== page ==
Microsoft has revealed that it will stop supporting the current operating system (Windows 10) on October 14, 2025. This means that Microsoft expects that the transition to the next version of Windows (ie Windows 11), which will be presented on June 24, will last about four years.
The company announced the news without much fanfare in a support page update, as found by the Thurrott site. In the past, the page noted when Microsoft will end support for certain versions of Windows 10. It now reports that Microsoft started supporting Windows 10 Home and Pro on July 29, 2015, and reveals the "date of departure" of the operating system. The end-of-support timeline sets the Windows 10 lifecycle to over 10 years.
Each of the half-year feature updates will continue to be unsupported on the expected dates, but whatever the latest version will remain supported until October 14, 2025. Currently, version 21H1 of Windows 10 is listed as supported until December 13, 2022 We do not yet know if another feature update is scheduled later this year to extend that date, or if Microsoft will simply change the date for the current version.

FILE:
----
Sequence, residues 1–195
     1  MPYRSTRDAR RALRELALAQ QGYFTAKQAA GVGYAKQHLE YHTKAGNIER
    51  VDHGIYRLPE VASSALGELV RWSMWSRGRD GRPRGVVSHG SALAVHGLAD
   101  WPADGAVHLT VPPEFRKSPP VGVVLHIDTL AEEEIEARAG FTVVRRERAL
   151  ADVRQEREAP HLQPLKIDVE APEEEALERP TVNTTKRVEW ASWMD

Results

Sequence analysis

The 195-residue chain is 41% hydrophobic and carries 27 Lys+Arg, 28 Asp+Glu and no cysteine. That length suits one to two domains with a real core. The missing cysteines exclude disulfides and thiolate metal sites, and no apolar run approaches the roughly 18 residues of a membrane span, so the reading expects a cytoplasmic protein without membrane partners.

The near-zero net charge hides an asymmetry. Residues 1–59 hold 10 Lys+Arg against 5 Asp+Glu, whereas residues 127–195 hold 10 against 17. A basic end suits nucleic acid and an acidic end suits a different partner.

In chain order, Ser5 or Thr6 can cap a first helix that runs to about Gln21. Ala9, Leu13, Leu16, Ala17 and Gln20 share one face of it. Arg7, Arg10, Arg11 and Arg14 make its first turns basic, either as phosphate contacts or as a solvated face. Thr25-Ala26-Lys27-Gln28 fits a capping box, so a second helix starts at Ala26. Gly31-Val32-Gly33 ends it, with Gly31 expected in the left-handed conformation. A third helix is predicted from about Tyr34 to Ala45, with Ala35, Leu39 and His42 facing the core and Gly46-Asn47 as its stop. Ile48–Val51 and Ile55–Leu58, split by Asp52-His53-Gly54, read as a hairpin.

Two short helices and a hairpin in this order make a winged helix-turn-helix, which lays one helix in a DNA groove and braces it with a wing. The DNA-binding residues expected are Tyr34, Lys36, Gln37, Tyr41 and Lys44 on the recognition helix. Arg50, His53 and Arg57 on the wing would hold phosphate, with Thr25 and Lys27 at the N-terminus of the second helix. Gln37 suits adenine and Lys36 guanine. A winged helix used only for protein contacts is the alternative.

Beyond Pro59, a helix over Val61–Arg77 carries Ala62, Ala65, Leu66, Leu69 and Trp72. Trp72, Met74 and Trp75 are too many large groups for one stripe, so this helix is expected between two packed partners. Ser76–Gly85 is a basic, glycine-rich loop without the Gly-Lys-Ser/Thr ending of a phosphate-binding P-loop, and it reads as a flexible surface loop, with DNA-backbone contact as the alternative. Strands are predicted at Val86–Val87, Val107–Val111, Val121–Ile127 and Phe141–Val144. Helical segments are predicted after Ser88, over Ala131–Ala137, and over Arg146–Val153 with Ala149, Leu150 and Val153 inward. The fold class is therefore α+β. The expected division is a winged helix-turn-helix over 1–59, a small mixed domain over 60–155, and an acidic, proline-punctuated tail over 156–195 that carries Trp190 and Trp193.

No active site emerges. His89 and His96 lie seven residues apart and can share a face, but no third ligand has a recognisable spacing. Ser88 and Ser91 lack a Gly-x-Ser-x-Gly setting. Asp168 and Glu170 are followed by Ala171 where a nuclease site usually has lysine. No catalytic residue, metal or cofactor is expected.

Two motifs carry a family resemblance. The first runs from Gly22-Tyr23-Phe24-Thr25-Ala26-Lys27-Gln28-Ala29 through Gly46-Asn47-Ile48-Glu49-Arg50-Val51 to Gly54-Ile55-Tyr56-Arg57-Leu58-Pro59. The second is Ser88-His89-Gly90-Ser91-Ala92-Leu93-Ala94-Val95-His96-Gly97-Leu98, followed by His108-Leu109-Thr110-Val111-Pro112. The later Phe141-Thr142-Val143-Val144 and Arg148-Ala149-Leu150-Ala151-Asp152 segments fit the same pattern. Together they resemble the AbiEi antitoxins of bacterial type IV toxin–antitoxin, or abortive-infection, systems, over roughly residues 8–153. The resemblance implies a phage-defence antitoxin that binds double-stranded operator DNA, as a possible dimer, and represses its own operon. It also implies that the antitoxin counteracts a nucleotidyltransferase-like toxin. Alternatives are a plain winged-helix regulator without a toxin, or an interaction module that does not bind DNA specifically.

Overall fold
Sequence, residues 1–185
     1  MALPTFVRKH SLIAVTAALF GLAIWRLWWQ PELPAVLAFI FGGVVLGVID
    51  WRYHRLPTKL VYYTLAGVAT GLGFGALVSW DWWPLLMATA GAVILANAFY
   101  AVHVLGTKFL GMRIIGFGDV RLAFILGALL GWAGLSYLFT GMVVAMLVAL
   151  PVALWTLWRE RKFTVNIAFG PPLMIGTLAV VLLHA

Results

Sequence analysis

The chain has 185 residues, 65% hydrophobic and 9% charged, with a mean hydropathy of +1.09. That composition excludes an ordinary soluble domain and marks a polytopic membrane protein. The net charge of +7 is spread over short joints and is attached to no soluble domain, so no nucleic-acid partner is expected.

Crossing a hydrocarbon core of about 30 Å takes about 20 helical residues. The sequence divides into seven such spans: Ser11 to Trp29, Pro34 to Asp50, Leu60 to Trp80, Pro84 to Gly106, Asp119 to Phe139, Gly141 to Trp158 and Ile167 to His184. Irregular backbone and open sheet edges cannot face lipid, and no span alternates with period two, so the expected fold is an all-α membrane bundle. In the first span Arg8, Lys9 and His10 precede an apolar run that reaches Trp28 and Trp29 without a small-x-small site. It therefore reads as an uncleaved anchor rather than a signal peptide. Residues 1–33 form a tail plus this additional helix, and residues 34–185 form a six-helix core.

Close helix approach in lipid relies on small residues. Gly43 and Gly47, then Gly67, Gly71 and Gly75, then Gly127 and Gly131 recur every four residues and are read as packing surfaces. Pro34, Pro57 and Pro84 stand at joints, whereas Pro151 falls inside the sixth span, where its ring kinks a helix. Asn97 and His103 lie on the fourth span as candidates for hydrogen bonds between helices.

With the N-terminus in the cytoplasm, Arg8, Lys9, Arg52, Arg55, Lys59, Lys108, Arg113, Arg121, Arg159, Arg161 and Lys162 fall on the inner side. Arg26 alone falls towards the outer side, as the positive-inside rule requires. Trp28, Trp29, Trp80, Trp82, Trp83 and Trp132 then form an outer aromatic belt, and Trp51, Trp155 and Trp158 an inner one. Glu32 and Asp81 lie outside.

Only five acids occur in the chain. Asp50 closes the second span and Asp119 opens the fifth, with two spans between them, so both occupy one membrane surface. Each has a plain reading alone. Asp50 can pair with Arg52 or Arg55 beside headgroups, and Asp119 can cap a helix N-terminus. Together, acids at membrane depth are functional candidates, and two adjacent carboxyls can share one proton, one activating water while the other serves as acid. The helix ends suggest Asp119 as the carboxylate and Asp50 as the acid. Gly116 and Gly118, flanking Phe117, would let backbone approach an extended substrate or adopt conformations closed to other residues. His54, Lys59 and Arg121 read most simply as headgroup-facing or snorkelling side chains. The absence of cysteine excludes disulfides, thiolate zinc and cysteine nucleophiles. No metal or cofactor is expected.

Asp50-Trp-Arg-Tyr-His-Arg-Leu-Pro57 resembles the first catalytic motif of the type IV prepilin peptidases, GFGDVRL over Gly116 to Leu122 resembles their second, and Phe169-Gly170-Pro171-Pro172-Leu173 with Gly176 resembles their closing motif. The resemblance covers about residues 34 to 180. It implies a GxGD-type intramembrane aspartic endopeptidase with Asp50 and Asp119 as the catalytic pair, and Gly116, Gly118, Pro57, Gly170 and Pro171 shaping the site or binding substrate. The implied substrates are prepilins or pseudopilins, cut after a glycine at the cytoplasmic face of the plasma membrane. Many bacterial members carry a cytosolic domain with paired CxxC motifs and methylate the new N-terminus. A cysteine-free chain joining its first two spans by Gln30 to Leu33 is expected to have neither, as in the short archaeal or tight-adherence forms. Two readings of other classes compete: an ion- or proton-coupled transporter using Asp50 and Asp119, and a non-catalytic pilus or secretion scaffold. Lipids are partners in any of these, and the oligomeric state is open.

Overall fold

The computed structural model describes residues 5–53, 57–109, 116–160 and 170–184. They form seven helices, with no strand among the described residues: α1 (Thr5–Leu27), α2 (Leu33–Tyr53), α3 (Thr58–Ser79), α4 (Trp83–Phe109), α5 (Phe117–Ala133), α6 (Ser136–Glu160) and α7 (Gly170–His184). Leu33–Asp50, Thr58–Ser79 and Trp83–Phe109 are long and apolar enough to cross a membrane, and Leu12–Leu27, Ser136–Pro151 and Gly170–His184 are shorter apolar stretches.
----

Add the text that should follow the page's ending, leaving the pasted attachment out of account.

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As for what we expect from Windows 11 (or whatever it is called), there will likely be a redesign, including a refreshed Windows Store. Microsoft recently canceled Windows 10X, which would initially be for dual screen devices. He said it would bring some features designed for this operating system to the standard version of Windows. Maybe this will make it easier for them manufacturers and developers to support dual-screen devices without having to work with a separate version of Windows.
Source of information: engadget.com